*r =*0.80,

*F*(42, 450) = 19.34,

*r*

^{2}= 0.64,

*p*< 0.0005; Figure 8C), compared to the natural part set (

*r =*0.84,

*F*(42, 450) = 25.18,

*r*

^{2}= 0.71,

*p*< 0.0005; Figure 8D). This difference was statistically significant as assessed using bootstrap resampling of the correlation coefficients (

*p*< 0.0005, Wilcoxon signed-rank test on 492 bootstrap-derived estimates of correlations). Across all bootstrap-derived samples, the natural part model correlations were higher than the unnatural part model correlations about 99% of the time (Figure 8E). However this comparison is based on different sets of objects, and the difference might be due to the objects being different rather than because of natural or unnatural fragments. We therefore compared the two models on the 21 object pairs common to both sets. The natural fragment model performed slightly but significantly better than the unnatural fragment model (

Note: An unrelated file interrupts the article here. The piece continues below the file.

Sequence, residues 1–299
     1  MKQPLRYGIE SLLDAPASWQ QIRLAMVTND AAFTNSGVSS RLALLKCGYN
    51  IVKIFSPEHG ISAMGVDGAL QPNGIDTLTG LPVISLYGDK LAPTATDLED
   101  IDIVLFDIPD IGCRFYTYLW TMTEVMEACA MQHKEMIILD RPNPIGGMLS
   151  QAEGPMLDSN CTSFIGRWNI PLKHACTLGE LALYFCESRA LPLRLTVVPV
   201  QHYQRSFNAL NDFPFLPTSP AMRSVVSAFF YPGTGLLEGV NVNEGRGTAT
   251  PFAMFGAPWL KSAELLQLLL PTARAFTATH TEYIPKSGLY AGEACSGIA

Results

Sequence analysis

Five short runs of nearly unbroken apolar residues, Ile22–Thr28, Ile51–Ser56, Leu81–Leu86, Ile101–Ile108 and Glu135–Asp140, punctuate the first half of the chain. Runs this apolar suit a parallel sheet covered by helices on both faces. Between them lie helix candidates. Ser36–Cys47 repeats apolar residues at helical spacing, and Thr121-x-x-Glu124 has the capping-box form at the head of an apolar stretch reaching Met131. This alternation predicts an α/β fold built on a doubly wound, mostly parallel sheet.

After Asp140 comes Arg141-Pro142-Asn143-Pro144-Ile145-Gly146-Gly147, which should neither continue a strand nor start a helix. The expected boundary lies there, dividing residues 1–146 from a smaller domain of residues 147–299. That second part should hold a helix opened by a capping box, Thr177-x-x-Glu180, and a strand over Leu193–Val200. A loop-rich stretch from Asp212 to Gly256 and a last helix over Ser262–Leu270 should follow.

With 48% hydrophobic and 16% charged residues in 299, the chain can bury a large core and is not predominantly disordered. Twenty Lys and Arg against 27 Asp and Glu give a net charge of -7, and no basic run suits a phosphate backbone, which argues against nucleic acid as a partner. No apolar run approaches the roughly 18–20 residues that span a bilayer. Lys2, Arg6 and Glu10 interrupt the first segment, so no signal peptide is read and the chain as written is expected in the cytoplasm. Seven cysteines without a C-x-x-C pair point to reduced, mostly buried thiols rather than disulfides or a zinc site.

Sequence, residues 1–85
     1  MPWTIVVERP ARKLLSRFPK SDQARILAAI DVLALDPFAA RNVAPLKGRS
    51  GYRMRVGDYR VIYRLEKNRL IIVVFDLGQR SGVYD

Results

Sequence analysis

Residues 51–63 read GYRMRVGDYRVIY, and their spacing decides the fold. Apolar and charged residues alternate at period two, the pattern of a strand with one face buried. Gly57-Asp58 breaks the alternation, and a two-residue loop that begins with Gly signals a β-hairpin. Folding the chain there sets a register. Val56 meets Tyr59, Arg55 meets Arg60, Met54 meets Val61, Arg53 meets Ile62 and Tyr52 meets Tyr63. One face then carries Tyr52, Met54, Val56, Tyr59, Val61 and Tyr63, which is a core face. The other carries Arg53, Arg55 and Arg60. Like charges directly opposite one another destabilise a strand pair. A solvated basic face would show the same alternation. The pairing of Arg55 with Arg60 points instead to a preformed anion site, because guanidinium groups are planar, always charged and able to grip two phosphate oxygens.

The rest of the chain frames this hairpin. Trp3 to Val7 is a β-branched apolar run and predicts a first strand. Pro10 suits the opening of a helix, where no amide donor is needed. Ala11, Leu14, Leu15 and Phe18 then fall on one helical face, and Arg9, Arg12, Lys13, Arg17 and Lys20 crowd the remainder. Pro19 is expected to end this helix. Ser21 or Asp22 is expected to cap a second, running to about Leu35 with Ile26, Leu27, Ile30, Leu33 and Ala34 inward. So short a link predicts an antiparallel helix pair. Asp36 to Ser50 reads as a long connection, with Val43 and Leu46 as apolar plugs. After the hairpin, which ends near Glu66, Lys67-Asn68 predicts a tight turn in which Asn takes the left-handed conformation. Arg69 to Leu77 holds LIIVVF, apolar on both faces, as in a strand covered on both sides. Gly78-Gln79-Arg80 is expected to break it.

*r =*0.73 for natural,

*r =*0.57 for unnatural;

*z*= 3.79,

*p*< 0.005, Wilcoxon's ranksum test based on 21 bootstrap derived estimates of correlations; Figure 8E). Across all bootstrap-derived samples, the natural part model correlations were higher than the unnatural part model correlations about 90% of the time. Because the unnatural part model was still reasonably successful in explaining perceived distances, we surmise that the underlying process involves contour matching rather than part matching. However, using natural parts confers a slight advantage in explaining object distances. We conclude that the contour matching process is modulated by part decomposition but not determined by it.